The Lived Experience of Forgiveness: Phenomenological and Psychological Perspectives remedies the absence of systematic research on the experience of forgiveness by bringing together the work of five psychologists, one philosopher, and one theologian. The contributors have researched various aspects of forgiveness through interviews and field work, allowing for a clarification of this topic and providing a basis for evaluating the often-contradictory assertions of the existing literature. Edited by Steen Halling, this volume demonstrates the value of careful study of human experience by examining forgiveness in its various manifestations within a phenomenological framework that strives to set aside and question presuppositions—whether they be religious, philosophical, or psychological—and look at phenomena with fresh eyes. This approach enables a more creative and productive dialogue among the disciplines of psychology, theology, and philosophy, with experience as a common reference point, and thereby leads to a deeper understanding of the phenomenon of forgiveness.
Steen Halling is professor emeritus of psychology at Seattle University and a licensed psychologist.
Introduction by Steen Halling
Part 1: Forgiving the Other
Chapter 1: Shame, Vulnerability, and the Journey to Forgiveness by Milo Milburn
Chapter 2: Transformative Forgiveness: The Lived Experience of Forgiving the Unforgivable by Gabriela Mihalache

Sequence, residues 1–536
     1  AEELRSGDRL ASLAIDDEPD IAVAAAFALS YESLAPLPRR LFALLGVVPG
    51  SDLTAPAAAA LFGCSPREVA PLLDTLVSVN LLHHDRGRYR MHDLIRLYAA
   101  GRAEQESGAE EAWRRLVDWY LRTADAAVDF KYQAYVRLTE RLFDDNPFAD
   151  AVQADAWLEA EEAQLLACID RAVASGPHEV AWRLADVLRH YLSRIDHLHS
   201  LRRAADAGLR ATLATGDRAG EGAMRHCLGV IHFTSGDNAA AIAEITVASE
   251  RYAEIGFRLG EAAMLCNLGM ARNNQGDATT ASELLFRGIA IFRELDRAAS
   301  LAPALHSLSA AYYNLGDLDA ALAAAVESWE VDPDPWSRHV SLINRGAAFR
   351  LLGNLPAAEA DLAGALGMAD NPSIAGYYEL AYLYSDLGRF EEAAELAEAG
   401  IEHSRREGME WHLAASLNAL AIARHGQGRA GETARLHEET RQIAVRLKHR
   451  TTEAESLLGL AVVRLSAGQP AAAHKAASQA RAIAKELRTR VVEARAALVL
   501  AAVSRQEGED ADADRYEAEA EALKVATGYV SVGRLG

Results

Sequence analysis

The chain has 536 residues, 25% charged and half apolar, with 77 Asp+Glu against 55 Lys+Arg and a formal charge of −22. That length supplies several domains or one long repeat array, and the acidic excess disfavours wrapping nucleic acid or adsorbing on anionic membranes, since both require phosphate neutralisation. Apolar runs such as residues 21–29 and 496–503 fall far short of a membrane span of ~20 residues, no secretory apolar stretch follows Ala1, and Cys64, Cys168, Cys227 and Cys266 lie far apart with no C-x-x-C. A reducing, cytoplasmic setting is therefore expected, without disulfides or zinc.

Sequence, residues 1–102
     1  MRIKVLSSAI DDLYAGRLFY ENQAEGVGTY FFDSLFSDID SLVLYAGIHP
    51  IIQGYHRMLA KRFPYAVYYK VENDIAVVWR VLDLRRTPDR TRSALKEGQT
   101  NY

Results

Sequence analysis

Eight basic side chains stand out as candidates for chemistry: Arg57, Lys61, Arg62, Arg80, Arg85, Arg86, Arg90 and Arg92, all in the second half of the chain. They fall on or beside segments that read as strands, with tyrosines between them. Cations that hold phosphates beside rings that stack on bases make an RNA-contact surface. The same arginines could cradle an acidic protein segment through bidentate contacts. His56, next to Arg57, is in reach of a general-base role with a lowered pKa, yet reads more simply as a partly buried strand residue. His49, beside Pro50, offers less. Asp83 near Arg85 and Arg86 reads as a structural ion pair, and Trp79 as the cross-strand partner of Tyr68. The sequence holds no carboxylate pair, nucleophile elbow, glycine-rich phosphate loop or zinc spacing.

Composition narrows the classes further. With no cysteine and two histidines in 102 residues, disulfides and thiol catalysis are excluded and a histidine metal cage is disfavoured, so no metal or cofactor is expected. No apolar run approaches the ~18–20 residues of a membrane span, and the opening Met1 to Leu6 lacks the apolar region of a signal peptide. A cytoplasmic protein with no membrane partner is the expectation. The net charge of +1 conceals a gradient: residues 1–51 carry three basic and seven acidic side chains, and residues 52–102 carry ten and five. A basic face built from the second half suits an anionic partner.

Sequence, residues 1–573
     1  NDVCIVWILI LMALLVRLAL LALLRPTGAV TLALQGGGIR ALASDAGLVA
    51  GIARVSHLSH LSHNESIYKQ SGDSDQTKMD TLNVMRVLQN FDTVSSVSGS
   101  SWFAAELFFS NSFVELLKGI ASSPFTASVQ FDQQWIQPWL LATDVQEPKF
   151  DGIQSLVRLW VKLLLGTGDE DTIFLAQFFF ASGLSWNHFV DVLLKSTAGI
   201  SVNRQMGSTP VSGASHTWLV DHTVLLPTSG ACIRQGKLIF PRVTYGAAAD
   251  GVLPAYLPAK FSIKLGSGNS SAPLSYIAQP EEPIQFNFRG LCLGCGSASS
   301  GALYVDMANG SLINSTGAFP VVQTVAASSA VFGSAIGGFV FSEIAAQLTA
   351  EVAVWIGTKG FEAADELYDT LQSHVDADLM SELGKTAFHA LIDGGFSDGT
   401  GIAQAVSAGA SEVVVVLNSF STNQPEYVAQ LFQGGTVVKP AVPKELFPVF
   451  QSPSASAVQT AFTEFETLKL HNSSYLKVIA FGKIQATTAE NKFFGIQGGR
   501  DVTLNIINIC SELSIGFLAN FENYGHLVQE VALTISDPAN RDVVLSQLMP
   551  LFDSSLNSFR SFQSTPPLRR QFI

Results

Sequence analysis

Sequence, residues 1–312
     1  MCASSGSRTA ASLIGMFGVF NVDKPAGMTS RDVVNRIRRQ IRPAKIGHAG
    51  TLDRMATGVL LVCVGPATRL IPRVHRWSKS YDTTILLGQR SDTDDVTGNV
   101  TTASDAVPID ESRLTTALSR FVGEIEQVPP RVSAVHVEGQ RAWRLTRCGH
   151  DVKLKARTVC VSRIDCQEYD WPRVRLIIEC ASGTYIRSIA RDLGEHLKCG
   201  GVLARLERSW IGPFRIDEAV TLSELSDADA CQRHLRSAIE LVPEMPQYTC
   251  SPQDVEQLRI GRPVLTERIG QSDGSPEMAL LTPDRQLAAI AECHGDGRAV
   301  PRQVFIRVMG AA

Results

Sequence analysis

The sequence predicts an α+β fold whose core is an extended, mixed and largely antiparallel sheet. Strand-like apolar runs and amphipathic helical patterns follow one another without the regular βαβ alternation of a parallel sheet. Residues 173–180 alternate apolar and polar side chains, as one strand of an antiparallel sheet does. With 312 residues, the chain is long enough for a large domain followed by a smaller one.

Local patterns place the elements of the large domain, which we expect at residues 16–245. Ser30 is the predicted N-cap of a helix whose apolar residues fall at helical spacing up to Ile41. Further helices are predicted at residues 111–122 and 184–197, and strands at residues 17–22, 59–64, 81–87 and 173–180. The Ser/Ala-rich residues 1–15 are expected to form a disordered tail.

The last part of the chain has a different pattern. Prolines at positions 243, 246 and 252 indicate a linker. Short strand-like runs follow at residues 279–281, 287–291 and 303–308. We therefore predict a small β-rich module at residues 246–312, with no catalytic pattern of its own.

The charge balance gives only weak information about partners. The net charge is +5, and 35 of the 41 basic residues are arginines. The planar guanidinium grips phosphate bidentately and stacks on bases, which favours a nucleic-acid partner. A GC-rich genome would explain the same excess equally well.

Chapter 3: ‘Moving on’: Wrestling with Forgiveness in Post-genocide Rwanda by Anne Kubai
Chapter 4: Forgiving and Transcendence: On the Importance of Phenomenological Inquiry by Steen Halling
Part 2: Self-Forgiveness and Self-Acceptance
Chapter 5: Self-Forgiveness: The Misunderstood and Elusive Phenomena by Steen Halling
Chapter 6: The Lived Experience of Self-forgiveness in Psychotherapy by Irene Bowman
Part 3: Dialogue with Philosophy through Experience
Chapter 7: Phenomenology of Forgiveness in Education by Peter Costello
Chapter 8: Suffering through Pain to Passage: Forgiving our Mothers and Ourselves by Claire LeBeau
Conclusion by Steen Halling
This book is an important, timely, and unique contribution to the understanding of forgiveness. The authors of this collection follow a phenomenological approach to human science research, enabling them to disclose forgiveness as an existential phenomenon. It will be of interest to a wide range of scholars and a must read for any psychologist.
In a world of increased cancellation, there couldn’t be a more perfect timing for The Lived Experience of Forgiveness: Phenomenological and Psychological Perspectives. Steen Halling and his colleagues offer a solid exposure to human science empiricism in their rigorous exploration of different kinds of forgiveness, as they are plural. They explore personal, interpersonal, and international challenges of forgiveness, including the often forgotten and very difficult situations of self-forgiveness and encounters with the unforgivable. This book, as an example of phenomenological research, avoids both shying away from the topic—thinking it should the left to the theologians—and misinformed definitions of forgiveness that halt conversations before they really begin. Instead, this text offers us openings of various kinds through an empiricism of a particular kind of pain that often ossifies in interminable sorrow and resentment. No syrupy prescriptions to “just look on the bright side of life” here; just courageous writers in the pit, exploring a seemingly insurmountable event. Use this text to teach about phenomenology, about hard places in existence, and simply to heal.